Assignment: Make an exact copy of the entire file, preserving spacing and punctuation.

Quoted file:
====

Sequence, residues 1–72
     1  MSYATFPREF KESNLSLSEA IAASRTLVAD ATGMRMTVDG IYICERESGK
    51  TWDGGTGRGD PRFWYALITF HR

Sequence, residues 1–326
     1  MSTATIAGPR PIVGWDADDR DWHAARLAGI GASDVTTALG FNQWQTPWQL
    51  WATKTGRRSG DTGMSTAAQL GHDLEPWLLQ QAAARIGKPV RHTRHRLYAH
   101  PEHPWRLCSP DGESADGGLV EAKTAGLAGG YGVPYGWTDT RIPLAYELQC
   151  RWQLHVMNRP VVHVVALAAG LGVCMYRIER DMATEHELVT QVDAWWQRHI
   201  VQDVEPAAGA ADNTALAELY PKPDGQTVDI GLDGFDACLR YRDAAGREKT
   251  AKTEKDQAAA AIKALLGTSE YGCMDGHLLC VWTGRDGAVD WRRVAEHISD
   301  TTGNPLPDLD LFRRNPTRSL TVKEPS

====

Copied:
Sequence, residues 1–72
     1  MSYATFPREF KESNLSLSEA IAASRTLVAD ATGMRMTVDG IYICERESGK
    51  TWDGGTGRGD PRFWYALITF HR

Sequence, residues 1–326
     1  MSTATIAGPR PIVGWDADDR DWHAARLAGI GASDVTTALG FNQWQTPWQL
    51  WATKTGRRSG DTGMSTAAQL GHDLEPWLLQ QAAARIGKPV RHTRHRLYAH
   101  PEHPWRLCSP DGESADGGLV EAKTAGLAGG YGVPYGWTDT RIPLAYELQC
   151  RWQLHVMNRP VVHVVALAAG LGVCMYRIER DMATEHELVT QVDAWWQRHI
   201  VQDVEPAAGA ADNTALAELY PKPDGQTVDI GLDGFDACLR YRDAAGREKT
   251  AKTEKDQAAA AIKALLGTSE YGCMDGHLLC VWTGRDGAVD WRRVAEHISD
   301  TTGNPLPDLD LFRRNPTRSL TVKEPS